Freenom settles Meta lawsuit for $500 million and exits domain business.

Freenom, a well-known company in the domain registration field, has announced this week the resolution of the cybersquatting lawsuit filed against them by Meta last year, committing to exiting the domain name business.

In a statement issued on February 12, Freenom has agreed to pay Meta an undisclosed sum and has declared that it has “independently decided to exit the domain name business”. The autonomy of this decision is questionable, considering that the company lost its ICANN registrar accreditation last year and is believed to have also lost its government contracts to operate the ccTLDs of Equatorial Guinea, Central African Republic, Mali, Gabon, and possibly Tokelau, the latter being its flagship .tk domain.

Meta had accused Freenom of registering thousands of domains similar to its trademarks, including domains like, under the U.S. Anti-Cybersquatting law, seeking $100,000 for each infringement, totaling five hundred million dollars.

Freenom and its co-defendant affiliate network argued in their defense that Meta had access to an abuse API that allowed them to deactivate such domains, but never used it. Additionally, they claimed that many of the domains in question had already been closed by the time the lawsuit was filed.

It seems that the names in question were registered by abusive third parties and later claimed and monetized by Freenom under its free domain business model, making its TLDs some of the most abused in the world.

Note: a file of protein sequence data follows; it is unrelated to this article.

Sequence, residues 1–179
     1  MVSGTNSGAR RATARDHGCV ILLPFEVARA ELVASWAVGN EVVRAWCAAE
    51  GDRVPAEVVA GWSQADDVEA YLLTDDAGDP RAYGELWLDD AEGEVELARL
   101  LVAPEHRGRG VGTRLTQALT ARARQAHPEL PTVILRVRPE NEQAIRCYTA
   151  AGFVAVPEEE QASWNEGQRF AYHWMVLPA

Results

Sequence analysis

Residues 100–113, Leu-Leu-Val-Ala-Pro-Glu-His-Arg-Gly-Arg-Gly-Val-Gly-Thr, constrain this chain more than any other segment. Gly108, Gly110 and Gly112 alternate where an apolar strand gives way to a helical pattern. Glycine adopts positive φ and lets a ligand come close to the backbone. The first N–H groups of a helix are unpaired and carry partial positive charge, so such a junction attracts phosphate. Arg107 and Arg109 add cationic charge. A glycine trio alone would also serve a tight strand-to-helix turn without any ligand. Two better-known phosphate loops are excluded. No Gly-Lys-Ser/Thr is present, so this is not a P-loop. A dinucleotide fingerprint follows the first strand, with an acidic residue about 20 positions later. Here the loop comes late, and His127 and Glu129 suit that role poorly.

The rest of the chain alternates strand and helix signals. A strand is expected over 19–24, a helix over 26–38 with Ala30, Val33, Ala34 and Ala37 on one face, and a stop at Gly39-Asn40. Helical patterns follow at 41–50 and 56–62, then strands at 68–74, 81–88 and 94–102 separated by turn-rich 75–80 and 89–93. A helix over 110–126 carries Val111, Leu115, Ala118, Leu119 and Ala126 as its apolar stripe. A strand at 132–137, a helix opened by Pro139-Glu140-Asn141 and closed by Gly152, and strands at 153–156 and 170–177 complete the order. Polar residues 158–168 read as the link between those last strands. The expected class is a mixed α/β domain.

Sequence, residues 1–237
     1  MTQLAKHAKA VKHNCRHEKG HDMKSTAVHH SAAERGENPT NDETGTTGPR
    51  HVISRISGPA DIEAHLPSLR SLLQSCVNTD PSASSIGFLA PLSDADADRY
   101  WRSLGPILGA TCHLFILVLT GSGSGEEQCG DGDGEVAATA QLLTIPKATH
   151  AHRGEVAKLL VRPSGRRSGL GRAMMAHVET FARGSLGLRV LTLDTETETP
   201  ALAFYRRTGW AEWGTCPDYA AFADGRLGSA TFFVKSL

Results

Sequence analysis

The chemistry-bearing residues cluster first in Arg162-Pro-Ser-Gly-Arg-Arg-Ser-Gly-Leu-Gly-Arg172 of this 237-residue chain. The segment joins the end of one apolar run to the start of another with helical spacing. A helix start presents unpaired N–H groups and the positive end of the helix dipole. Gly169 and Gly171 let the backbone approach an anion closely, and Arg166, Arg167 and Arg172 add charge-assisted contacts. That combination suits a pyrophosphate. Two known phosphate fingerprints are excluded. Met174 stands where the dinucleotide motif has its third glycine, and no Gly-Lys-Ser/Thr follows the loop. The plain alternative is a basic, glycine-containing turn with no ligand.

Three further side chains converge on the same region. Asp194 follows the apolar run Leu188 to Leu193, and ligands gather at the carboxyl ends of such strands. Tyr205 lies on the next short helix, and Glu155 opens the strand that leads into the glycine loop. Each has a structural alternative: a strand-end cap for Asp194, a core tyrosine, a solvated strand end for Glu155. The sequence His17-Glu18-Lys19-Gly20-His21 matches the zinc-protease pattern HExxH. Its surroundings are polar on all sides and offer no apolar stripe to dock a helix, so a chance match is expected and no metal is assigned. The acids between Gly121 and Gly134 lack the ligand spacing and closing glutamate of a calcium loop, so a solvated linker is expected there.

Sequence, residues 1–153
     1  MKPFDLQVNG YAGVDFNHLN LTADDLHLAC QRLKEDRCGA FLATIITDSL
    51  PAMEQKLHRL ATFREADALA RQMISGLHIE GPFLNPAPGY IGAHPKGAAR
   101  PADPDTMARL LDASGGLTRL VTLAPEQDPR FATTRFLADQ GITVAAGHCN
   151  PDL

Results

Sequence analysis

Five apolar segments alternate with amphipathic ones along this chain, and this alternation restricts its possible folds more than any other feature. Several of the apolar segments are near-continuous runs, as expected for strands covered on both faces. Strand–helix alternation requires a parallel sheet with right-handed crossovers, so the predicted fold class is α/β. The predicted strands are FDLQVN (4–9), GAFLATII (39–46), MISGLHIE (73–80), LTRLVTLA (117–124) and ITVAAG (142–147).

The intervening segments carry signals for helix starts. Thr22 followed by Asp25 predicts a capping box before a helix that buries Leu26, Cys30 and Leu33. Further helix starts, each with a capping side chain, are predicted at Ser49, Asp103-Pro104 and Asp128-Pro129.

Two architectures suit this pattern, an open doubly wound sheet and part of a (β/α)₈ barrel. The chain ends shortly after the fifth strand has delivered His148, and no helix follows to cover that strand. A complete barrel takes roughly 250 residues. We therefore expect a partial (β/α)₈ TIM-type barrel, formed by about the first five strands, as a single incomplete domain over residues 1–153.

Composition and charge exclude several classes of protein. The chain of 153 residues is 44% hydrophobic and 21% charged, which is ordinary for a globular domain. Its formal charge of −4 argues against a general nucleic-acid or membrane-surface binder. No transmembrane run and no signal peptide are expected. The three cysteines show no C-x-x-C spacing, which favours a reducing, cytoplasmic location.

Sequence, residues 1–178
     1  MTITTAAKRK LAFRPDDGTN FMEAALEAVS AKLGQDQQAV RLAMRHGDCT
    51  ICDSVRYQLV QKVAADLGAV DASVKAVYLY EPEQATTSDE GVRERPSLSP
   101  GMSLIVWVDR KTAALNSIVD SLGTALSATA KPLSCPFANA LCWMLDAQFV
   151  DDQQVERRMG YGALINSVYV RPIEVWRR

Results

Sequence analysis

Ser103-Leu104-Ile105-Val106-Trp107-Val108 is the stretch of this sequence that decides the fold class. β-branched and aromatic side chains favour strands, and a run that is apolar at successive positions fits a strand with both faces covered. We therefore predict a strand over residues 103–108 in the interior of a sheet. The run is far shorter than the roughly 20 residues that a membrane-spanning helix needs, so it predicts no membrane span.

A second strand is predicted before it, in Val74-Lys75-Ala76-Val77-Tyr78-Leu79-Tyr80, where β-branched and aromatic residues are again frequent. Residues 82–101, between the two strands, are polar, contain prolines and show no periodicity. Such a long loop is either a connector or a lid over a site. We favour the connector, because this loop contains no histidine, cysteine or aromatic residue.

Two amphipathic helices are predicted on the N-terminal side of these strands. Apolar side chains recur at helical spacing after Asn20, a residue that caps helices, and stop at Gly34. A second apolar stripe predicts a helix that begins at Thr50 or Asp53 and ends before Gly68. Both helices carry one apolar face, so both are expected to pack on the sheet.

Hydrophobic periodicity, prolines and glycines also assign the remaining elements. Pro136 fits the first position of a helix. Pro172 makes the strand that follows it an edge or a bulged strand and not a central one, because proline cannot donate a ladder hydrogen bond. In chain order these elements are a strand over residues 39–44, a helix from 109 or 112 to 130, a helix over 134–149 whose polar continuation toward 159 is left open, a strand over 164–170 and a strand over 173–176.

However, the claims of both parties will not be examined in court. The last court filing, dated late December, indicated that both parties would enter into mediation, and this week Freenom issued the following statement:

“Freenom today announces that it has settled the lawsuit filed by Meta Platforms, Inc. on confidential monetary and business terms. Freenom acknowledges Meta’s legitimate interest in asserting its intellectual property rights and protecting its users from fraud and abuse.”

“Freenom and its related companies have also independently decided to exit the domain name business, including running registries. As Freenom winds down its domain name business, it will treat the Meta family of companies as a trusted noticer and implement a blocklist to address future phishing, DNS abuse, and cybersquatting.”

Meta indicated in its Q4 Adversary Threat Report this week that the agreement demonstrates that its approach to addressing DNS abuse is working.

Freenom’s gTLD domains have been transferred to Gandi. It is less clear what will happen to its ccTLD names, although rumors on social media suggest that the company has been granting free nine-year renewals to registrants in affected ccTLDs.

via: Domain Incite

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